6 Feb

Map of the Week: Tracking Marine Life

Map of the Week: Tracking Marine Life

Marine life can often go overlooked in the eyes of an average person, and that person may rarely stop to think about the abundance of aquatic organisms that are living in the ocean. A company called Ocearch is trying to change this, by helping scientists collect previously unattainable data in the ocean and sharing it with the world.

This map is a screenshot on Ocearch’s interactive map (https://www.ocearch.org/tracker/?list) from 2/6/2019. It shows tagged animals from Ocearch on the East Coast and in the Gulf of Mexico

The data shown in this map indicates the location of marine animals, particularly sharks, that have been tagged by Ocearch. According to their website, “Animals are caught from tenders, using handlines, and are guided by hand in the water to a lift. Once the animals are restrained and hoses of water have been set to enable a continuous flow of fresh seawater over the gills, the science team, made up of researchers and veterinarians, begins its process. Tags such as SPOT, acoustic, and accelerometer are attached, morphometrics are recorded, and samples, such as blood and tissue, are collected.” (OCEARCH) Once tagged, these sharks can be pinged each time they come to the surface of the water, where satellites can connect to the on-animal trackers. This is arguably the only way to obtain such detailed information about these creatures, as “the technologies and methods used represent the least invasive means of obtaining the data necessary to fill knowledge gaps regarding sharks.” (OCEARCH) This method of surveying the sharks does not alter their behavior after samples are taken, and it is the least stressful method of surveying for a sharks health. Each shark is sexed, and samples are collected from the sharks that include blood, tissue, sperm, and parasites that are on the animal.

With the information collected, important studies can be conducted to ensure future stability of the species. For example, researchers will assess the reproductive condition of the animal, and the animal’s diet to determine the path that the animal is on. Ocearch also conducts studies of “parasite species presence, abundance, and infection sites in white sharks.” (Ocearch).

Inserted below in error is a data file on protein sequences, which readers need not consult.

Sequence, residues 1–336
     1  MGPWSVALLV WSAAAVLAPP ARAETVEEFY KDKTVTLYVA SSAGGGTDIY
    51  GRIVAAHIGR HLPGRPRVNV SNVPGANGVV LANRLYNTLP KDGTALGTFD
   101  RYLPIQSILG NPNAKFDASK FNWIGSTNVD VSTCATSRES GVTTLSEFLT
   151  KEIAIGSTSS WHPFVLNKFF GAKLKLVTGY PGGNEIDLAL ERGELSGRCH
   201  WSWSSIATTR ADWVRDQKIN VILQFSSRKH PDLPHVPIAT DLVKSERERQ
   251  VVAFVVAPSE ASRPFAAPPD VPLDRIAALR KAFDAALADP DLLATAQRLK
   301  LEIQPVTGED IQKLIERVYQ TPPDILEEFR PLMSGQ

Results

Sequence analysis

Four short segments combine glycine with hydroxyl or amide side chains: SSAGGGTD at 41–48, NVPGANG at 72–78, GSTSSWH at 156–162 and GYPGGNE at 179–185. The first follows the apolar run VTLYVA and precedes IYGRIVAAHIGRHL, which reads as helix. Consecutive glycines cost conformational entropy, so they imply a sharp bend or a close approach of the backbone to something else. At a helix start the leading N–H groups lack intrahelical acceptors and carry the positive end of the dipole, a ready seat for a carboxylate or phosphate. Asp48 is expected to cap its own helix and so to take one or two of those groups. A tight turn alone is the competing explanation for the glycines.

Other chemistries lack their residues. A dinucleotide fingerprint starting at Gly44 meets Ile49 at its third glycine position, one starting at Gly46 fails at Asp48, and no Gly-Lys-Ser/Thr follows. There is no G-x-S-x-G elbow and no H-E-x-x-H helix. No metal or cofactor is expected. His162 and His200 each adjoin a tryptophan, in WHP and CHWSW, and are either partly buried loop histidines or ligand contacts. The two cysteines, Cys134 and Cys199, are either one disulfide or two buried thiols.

Sharks are apex predators in their ecosystem, and are central to a functioning food-chain. They maintain biodiversity in oceans by keeping populations of smaller predatory species in check, and removing sharks would result in the disruption of the oceanic food web. The research that Ocearch is doing will help future generations of shark and other marine species continue to thrive in the world’s oceans.

Ocearch’s research is incredibly important and contributes to actualizing current conservation goals that are lacking this useful information. Several peer-reviewed papers have been published based on Ocearch expeditions and resulting studies, and there are more that are currently in preparation. For example, the company is currently on an expedition to the Southeast coast of the US attempting (specifically the Northwest Atlantic Shared Foraging Area (NASFA)) to observe large numbers of white sharks that are there during the winter months. In doing so, Ocearch seeks to, “increase the sample size of tagged white sharks to get a clearer picture of their movements in the Northwest Atlantic as a continuation of our North Atlantic White Shark study to reveal the life history of white sharks.” (OCEARCH) The studies, once published, become a basis for informed policy and management decisions. Data collected is shared with collaborating institutions and students who request them for their studies.

Source

Written by: Sean Halpin